Sellafield: The fight continues

Publish date: February 13, 2004

Written by: Hanne Bakke

At a conference held in London Friday, The Bellona Foundation presented a new and revealing report about Britain’s notorious Sellafield plant. The report concludes that a new treatment process based on a chemical called tetraphenylphosphonium bromide, or TPP, could be the start of a new, Tc-99 discharge free era.

New Bellona Report:

The extensive report was published in Norwegian in September 2003, and was presented to the British public in English translation at a round table conference on Sellafield Tc-99 discharges in London, organized by The Bellona Foundation and Lofoten mot Sellafield, another Norwegian NGO.

Discharges could stop in March
The report is being presented at the right place at the right time, said Bellona’s Erik Martiniussen, author of the report. The TPP experiments have been carried out for the past four months, and if the results show that the Tc-99 discharges are effectively cleansed, it will mean a stop to the radioactive discharges in the North Sea, he said.

Enough plutonium for 4000 nukes
The new report documents how Sellafield has polluted the Irish Sea with nuclear discharges for fifty years. As a result, the Irish Sea is the world’s most radioactively polluted ocean. The report expounds extensively on how this radioactive waste has affected the marine environment.

The report also maps out the new challenges the Sellafield plant is faces for the future: Even if the Tc-99 discharges end as a result of the new cleansing method, there remains the massive job of cleaning up the plant site. Sellafield has always been a central part of the British nuclear programme, and as of today there are over 80 tonnes of pure plutonium stored on the facilities grounds. This amount is enough to produce 4000 atomic bombs, and is one of the largest plutonium storage facilities in the world.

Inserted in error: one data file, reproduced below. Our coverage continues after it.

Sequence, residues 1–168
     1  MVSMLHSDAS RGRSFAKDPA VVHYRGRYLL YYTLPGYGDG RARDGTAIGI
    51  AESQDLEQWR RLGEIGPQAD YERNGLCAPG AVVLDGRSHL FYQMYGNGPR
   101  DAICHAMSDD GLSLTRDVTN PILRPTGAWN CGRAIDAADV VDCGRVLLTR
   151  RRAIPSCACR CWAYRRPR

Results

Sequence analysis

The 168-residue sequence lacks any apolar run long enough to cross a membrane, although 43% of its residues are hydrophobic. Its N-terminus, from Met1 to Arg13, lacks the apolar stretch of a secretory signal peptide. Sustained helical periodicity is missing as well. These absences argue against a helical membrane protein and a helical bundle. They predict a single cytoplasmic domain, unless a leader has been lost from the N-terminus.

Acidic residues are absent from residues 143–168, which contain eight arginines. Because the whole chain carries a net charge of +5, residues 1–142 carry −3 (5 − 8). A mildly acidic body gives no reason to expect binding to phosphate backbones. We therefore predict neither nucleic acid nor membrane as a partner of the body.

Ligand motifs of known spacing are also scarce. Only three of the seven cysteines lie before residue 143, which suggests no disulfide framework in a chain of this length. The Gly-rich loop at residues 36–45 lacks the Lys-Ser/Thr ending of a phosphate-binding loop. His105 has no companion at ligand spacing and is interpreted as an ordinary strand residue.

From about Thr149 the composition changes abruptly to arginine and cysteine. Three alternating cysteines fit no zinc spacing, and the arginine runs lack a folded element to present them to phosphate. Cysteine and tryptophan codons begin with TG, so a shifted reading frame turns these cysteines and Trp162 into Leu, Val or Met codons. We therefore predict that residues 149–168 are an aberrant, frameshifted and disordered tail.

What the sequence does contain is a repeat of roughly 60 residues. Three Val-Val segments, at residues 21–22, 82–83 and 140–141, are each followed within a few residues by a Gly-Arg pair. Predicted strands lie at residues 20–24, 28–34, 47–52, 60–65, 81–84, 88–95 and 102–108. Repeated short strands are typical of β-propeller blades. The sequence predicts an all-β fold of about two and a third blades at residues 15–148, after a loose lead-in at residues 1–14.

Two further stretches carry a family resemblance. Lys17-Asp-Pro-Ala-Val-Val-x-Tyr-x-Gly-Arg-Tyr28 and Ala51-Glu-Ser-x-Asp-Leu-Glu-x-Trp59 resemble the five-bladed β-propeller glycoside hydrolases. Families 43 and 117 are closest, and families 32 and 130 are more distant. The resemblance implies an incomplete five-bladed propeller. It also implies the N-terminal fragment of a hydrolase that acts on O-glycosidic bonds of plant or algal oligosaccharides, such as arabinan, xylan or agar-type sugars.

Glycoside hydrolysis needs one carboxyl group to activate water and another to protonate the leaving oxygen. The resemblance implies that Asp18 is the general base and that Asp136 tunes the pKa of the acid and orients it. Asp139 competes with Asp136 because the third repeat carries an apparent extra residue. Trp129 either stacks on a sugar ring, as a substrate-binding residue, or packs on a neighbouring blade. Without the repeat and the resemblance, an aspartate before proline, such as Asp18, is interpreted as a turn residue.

Plutonium unsafely stored
Bellona considers the plutonium storage not to be adequately secured. In the report, Bellona urges that the plutonium be transferred to a lasting and stable form that is not suited for making weapons. One option is to immobilize the plutonium, meaning to mix it with other highly-radioactive material and mold it in ceramic structures for decades of storage in an appropriate facility.

The report also focuses on other legacies the last decades of the British nuclear program has left behind.

Promising results
Bellona and Lofoten mot Sellafield, hope to put further pressure on British authorities with the London conference.

Norwegian minister of the environment, Børge Brende, who has promoted the TPP cleansing method to his British counterpart is attended friday’s conference. He presented the Norwegian government’s view on the Tc-99 discharges. Others in attendance were Members of Parliament from Norway and Ireland, members of the Nordic Council, and representatives from the Norwegian Radiation Protection Agency. Andrew Mayall, Sellafield Team Coordinator at the British Environmental Agency, spoke on the Environmental Agency’s regulation of Tc-99 at Sellafield and presented an update on the TPP trial. Mayall has previously described the TPP tests as "promising."